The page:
Bronx resident Kevin Hyde has fond memories of his childhood when he and his brother assisted their father, their Boy Scout troop leader, at his water stand on the marathon route on Fifth Avenue in Harlem.
“Every first Sunday in November I was on the corner in a Boy Scout uniform and a poncho handing out water,” Hyde recalled.
The shoe will be on the other foot next month when the 49-year-old University Heights resident will be one of more than 50,000 runners to cross the starting line on Fort Wadsworth in Staten Island in the TCS New York City Marathon.
I can’t wait for this day to hurry up and come,” said Hyde, a teacher at Brooklyn School For Law and Technology. “I have one more long run, 18 to 20 miles, this weekend and then I taper.”
After his father and brother passed away, Hyde continued the tradition of distributing water with his students while he worked at Automotive High School in Brooklyn at the 13th mile mark.
Some of those students will be returning to see their former teacher run, he said.
“Those students are now in their 30s, and they are planning to be at Automotive to hand out water. They are coming from as far away as North Carolina to stand out there, just so they can be the ones to give me water.”
Hyde will also be running with fellow teachers from another former school he taught at, Brooklyn High School of the Arts.
Hyde runs across the borough and beyond with three different running clubs: Harlem Run, Black Men Run, and Lean Strong Fast, as well as with his girlfriend, an avid marathon runner.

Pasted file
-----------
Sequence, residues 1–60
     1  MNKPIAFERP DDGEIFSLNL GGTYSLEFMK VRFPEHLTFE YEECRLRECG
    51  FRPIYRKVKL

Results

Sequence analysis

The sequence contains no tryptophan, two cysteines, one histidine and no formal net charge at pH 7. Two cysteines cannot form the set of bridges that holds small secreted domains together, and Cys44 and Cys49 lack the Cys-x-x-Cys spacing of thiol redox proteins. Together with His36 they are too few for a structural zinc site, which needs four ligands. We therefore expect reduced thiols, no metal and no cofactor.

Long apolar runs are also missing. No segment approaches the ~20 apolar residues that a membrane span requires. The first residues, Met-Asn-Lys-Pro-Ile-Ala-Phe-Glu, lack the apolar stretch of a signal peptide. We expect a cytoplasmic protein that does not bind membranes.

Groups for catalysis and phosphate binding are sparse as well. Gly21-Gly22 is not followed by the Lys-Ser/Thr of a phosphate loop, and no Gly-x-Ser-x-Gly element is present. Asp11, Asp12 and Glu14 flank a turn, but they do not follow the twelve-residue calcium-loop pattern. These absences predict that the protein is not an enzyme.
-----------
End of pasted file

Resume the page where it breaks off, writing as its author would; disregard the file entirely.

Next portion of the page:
He said he has made many friends with fellow members, and found himself a part of a larger community.
“There are a lot of people I know from the running community but I have no idea who they actually are,” he said laughing. “They’ll just give a quick hand wave to say ‘hi’.”
Dedication and discipline has been the key to getting into a position to run a marathon, he said.
Hyde now gets up early in the morning before work to rack up miles, but said his first year of running was spent overcoming injuries.
“I had a year’s worth of injuries,” he said. “I broke a bone in my foot and had cartilage damage in my knee. Every time I got started rolling, I would break down.”
Hyde said that while he was looking forward to the experience, he knew there would be constant reminders of his earlier years that would conjure all sorts of memories.
“I know there will be certain places that I will be an emotional wreck – Automotive High School is one, Brooklyn High School of the Arts is another,” Hyde said.
“And when I get to Harlem where I grew up, I’ll have all the memories of watching the marathon and giving out water with my father and brother and my friends. From 135th and Fifth all the way to the finish line is a big portion of my life,” he added.